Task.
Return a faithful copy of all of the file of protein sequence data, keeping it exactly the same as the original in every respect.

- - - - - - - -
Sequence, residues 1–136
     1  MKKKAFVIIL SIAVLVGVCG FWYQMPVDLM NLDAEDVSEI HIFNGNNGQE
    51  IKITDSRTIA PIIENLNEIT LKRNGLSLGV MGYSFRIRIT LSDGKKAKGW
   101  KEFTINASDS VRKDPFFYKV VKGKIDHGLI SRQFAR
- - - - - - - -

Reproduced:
Sequence, residues 1–136
     1  MKKKAFVIIL SIAVLVGVCG FWYQMPVDLM NLDAEDVSEI HIFNGNNGQE
    51  IKITDSRTIA PIIENLNEIT LKRNGLSLGV MGYSFRIRIT LSDGKKAKGW
   101  KEFTINASDS VRKDPFFYKV VKGKIDHGLI SRQFAR